China’s state media rolled out with great fanfare on Wednesday the “four comprehensives,” the main points of President Xi Jinping’s approach to governance, which will likely be his legacy to the Communist Party. At its core the plan is nothing new: it hinges on "a moderately prosperous society, reform, rule of law, Party discipline," all longtime buzzwords in Chinese political discourse. But the four-pronged approach solidifies Xi's priorities for the future, two years after taking the helm.
Historically, China has been guided by plans for progress that are given often ambiguous names. Unveiling a catchy, packaged leadership philosophy is a rite of passage for Chinese top leaders, following in the footsteps of Zhou Enlai’s “Four Modernizations,” or Jiang Zemin’s “Three Represents." The tradition includes the eventually unsuccessful “Great Leap Forward” in Mao Zedong's era and Hu Jintao’s “Scientific Outlook on Development”; the “four comprehensives” are Xi Jinping’s own brand of leadership, now officially on display.
The official communication of Xi’s plans at this point does not appear to be an accident, coming ahead of the upcoming “Two Sessions” annual meeting in Beijing in March where the National People's Congress, an advisory body, and the Committee of the People's Political Consultative Conference will discuss national policies.
The Communist Party’s newspaper, the People’s Daily, published a long editorial on its front page detailing Xi’s “strategic layout." Xi’s philosophies aim to “comprehensively build a moderately prosperous society, comprehensively deepen reform, comprehensively govern the nation according to law and comprehensively be strict in governing the party.”
But what do the concepts actually mean, and what real change will they bring in China?
Building a moderately prosperous society
The phrase “moderately prosperous society” was a term first coined by Deng Xiaoping in 1979, and has been since the long-term vision for modern China. The People’s Daily reports that Xi has also adopted the mantra and positioned it as the central goal of his own legacy, with the other three “comprehensives” supporting this maxim.
Striving for a so-called moderately prosperous society is actually the direct definition of the “Chinese Dream,” a loose ideal that Xi Jinping introduced in 2013 and depicts the nation as an economic, political and military power, where citizens are able to achieve certain degrees of success. According to a report by the Diplomat, this means a version of China minus its current problems: extensive corruption, rampant pollution, ethnic tensions, social unrest, territorial disputes, and the threat of a hard economic landing after years of GDP growth in double digits.
This leads to three key areas that need the Party’s focus:
For Xi, this means forging on with both economic and political policies that have already been put in place. Since taking the helm in 2012, Xi took on the task of overhauling the Communist Party by weeding out corrupt officials. Top officials like Zhou Yongkang, a retired member of the Politburo Standing Committee, and lower-rank figures have fallen victim to Xi’s anti-corruption drive, which targets government leaders and employees accused of receiving bribes and other forms of ill-gotten wealth.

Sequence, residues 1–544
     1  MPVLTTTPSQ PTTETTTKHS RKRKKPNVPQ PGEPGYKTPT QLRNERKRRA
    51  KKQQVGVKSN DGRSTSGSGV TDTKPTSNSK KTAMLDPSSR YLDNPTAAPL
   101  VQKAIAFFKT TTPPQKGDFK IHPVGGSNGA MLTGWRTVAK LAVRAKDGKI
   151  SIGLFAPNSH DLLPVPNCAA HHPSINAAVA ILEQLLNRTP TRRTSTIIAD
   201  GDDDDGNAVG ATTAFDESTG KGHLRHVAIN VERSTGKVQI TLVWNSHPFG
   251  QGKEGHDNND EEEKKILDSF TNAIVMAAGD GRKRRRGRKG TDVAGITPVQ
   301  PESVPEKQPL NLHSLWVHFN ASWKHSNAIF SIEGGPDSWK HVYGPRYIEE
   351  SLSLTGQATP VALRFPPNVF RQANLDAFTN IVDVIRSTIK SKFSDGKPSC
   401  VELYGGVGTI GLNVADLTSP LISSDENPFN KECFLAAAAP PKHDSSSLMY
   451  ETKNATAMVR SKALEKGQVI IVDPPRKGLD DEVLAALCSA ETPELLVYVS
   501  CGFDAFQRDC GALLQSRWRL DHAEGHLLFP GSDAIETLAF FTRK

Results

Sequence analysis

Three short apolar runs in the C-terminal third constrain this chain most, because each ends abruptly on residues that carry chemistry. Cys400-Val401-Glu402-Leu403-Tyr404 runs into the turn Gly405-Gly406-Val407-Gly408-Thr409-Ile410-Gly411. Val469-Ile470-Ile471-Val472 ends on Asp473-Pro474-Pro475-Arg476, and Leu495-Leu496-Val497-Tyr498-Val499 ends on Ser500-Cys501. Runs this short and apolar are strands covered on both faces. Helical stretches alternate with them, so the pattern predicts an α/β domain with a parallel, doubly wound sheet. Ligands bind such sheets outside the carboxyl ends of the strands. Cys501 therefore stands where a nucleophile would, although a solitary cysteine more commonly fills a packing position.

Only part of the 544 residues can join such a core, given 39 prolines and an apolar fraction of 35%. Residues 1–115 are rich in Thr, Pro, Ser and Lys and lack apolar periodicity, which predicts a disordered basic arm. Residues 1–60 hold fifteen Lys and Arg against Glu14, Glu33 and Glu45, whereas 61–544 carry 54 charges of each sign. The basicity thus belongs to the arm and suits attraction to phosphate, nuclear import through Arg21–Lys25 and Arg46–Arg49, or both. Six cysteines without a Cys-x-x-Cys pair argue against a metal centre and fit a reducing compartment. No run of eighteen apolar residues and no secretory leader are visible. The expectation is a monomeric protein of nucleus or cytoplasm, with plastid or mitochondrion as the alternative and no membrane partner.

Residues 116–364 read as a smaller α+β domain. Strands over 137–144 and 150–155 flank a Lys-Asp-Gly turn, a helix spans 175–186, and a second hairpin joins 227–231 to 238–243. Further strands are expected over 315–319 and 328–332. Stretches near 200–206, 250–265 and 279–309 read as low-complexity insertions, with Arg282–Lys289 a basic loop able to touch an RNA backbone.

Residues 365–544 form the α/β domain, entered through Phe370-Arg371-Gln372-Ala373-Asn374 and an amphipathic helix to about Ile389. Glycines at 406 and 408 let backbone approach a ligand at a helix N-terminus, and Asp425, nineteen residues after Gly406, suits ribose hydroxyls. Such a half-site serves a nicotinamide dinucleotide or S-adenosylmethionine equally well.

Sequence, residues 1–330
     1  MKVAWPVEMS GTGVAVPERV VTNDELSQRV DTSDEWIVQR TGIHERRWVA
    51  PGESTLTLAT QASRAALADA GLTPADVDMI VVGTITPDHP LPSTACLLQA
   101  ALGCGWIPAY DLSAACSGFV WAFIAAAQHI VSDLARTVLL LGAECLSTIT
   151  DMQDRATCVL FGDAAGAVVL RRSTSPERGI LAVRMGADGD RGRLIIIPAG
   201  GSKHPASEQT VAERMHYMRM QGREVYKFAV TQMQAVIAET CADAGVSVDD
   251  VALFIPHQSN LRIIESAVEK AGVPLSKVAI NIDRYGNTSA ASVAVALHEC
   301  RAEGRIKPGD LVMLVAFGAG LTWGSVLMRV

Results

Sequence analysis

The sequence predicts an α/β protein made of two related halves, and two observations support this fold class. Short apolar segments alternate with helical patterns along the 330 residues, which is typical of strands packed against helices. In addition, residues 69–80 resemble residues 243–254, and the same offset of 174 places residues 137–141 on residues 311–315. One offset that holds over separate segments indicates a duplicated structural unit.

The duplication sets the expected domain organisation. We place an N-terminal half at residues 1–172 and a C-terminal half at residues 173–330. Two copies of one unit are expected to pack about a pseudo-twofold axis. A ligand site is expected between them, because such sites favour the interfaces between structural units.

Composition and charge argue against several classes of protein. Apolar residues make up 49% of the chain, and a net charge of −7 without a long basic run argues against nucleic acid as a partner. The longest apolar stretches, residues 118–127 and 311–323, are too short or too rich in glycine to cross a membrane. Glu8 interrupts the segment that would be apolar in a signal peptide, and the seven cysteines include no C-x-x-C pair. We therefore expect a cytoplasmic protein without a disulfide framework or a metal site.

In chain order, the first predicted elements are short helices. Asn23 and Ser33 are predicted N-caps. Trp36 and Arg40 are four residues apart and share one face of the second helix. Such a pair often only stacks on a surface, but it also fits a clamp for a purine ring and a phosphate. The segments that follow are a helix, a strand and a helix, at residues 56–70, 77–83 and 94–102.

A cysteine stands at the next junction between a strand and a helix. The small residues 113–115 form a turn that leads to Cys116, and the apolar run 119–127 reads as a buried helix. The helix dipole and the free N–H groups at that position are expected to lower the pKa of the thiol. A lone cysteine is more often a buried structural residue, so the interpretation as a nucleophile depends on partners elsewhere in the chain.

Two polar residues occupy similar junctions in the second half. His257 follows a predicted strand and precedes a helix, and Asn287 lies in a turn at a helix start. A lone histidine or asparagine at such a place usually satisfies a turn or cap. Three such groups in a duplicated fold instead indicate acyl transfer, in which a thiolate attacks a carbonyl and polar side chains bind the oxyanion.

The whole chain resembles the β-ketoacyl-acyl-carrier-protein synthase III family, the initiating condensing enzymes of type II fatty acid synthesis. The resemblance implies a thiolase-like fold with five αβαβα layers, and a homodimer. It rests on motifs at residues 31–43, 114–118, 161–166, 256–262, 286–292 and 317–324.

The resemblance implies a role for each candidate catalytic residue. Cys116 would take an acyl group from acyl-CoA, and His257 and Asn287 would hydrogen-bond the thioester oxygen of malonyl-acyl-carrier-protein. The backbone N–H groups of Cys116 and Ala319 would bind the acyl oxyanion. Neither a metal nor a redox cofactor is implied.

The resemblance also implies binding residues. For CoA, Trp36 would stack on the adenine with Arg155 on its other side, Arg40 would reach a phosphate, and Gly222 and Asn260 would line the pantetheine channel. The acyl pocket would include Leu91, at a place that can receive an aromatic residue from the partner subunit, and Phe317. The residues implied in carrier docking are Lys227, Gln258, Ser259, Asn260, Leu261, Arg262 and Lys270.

Xi also taking a heavier hand in controlling China’s economy, introducing expectations of a “new normal” for GDP growth, which fell to 7.4 percent in 2014, compared to 14.2 percent in 2007, and aims to forgo impressive, breakneck development in exchange for slower but sustainable growth that will also pose less of a threat to the environment. This means spending more time and resources developing service-focused businesses as opposed to relying on factory exports and other industrial sectors to drive the economy.
Govern the nation according to law
Xi drives home the importance of the newest addition to his policies thus far, governing in “strict accordance to the Rule of Law.” The People’s Daily writes that Xi’s calls for adherence to the rule of law are a necessary modernization step that will tighten up the country’s legal system. According to a previous report by the International Business Times, this means divesting total, overarching disciplinary power from the central government, and allowing local courts to be supervised by local officials, establishing semi-independent courts to promote judicial independence and reduce interference by local party officials.
Be strict in governing the Party
This is closely related to Xi’s deepened political reforms. Most of his platform thus far stands on his assumption that internal corruption and previous tendencies to interfere with economic reforms is the biggest threat to the Party. According to Michael Schuman, a Beijing-based author and journalist, allowing reforms to take effect means restraint when it comes to Party interference.
“In order to have properly functioning banks, for instance, the government has to stay clear of lending decisions. For the private sector to flourish, state companies must be forced to compete fairly, and their management allowed to operate without political interference,” Schuman said in Time Magazine. “Liberalizing prices and capital flows means policymakers will have to sit back and watch the market allocate resources.”
Some media suggest that Xi’s big media reveal is a bid to have his four-pronged tenet adopted into the Party’s constitution, with this being the first of several steps before being considered during the next Congress of the Communist Party of China, likely in 2017.